But, the thing that really gets to me is not the physical aspects of living here, but the mental- it’s all about the seasons.

As a native Idahoan, I’ve seen my share of chilly winters. When I was a kid, we’d get snow drifts in the backyard that were ripe for tunnel and fort creation and the canyon behind our house was prime sledding real estate. We’d bundle up in our rainbow colored moonboots, dorky earmuffs shaped like fuzzy rodents and uber-puffy coats with mittens on a string and head for the hills. Literally. Years later, as an adult, a similar process would take place at my parents’ cabin in the mountains. Although I was lacking the over-the-top 80s outdoor gear, layers upon layers were easily accumulated and adorned before heading out in search of the perfect place to make inaugural runs down the hillside. (Sometimes, making your own path has its own perils. I’ve got a scar on the small of my back to prove that going top speed down an ungroomed hill isn’t always as fantastic of an idea as it appears when you are standing at the top of the abyss. You never know where a sharp spike of a branch lies hidden just below the surface of the snow…)

I don’t love cold, but I am willing to make the best of it.

The lack of cold was actually one of the huge selling points for me when we looked at KL. Strangely, after twenty-or-so weeks, it is the thing that has been hardest to wrap my head around here. I can understand why people park their cars in the street, blocking traffic (pretty much because, why not? No one does anything to discourage/stop it) and I get why malls are the hottest entertainment around (can you say “automatic air con?).

But no seasons?

How does one mark time? When I look at photos from the last half a year, I’m wearing my Malaysia uniform in all of them- brightly colored, layered tank tops and neutral shorts with a pair of strappy sandals. Was that taken in July? October? December? Who knows!?!? I’d never have a problem picking out the time of year a photo was taken when we were in Idaho, Utah, Washington DC, Chengxian or Chengdu. These places all have seasons!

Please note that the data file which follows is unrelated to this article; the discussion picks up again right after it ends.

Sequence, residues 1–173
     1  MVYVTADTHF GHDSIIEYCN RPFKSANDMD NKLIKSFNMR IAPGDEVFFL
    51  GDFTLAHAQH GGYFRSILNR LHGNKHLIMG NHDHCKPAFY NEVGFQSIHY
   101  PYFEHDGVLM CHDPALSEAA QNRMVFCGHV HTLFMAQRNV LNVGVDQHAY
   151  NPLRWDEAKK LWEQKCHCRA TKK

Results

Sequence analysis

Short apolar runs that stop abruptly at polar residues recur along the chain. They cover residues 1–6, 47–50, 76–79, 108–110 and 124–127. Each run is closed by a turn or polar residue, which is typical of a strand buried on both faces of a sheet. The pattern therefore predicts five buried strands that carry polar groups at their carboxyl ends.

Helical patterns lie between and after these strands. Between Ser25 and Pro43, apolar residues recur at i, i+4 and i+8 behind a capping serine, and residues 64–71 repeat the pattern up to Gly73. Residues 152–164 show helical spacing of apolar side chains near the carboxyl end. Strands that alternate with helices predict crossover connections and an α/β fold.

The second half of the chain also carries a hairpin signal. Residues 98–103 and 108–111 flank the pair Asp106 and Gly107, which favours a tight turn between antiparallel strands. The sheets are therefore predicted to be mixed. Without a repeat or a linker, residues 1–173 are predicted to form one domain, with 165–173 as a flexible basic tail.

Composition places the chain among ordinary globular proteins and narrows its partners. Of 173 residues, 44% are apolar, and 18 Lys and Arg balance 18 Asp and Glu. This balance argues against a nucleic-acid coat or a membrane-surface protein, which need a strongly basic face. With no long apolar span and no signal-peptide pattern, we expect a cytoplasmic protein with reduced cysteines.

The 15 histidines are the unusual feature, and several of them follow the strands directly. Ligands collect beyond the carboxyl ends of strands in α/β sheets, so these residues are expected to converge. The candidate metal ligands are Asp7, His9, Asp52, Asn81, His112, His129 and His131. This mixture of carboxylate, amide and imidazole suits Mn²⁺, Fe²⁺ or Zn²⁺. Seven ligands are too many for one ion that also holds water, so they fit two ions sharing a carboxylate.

Eventually, it does start to mess with your mind. Time flows wrong without the passage of seasons. I can look at a calendar and know subjectively that Halloween/a birthday/Thanksgiving/Christmas is upon us, but as soon as I glance away from the calendar, those thoughts flee like cockroaches from Thad’s shoe.

It really is strange.

The best way to remedy thoughts of it not being the holiday season is a quick trip to one of the local malls. Currently, they are all blasting carols throughout their corridors and the bigger the mall, the more massive the Christmas display erected in its center court. (We’re talking several stories high trees, snowman that look like they got make-up advice from the Joker, animatronic elves- each and every one bucktoothed, as if it is a genetic predisposition, and even small Ferris wheel that looks like it belongs to Santa himself.

So, with December and the holidays having sneaked up so stealthily, my one wish for the man in red this year is for post #3 to have seasons. They don’t have to be long or dramatic, but seasons where the temperature fluctuates and my wardrobe requires at least a minimal rotation, maybe a nod to some cute boots or a fashionable scarf and definitely the desire for a cup of hot chocolate with whipped cream on top. I’ve been good this year, I promise, and my list is short. Seasons. Mild ones, even.

Season’s greetings, from the land of no seasons!

 

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The Most *Fabulous* Time of the Year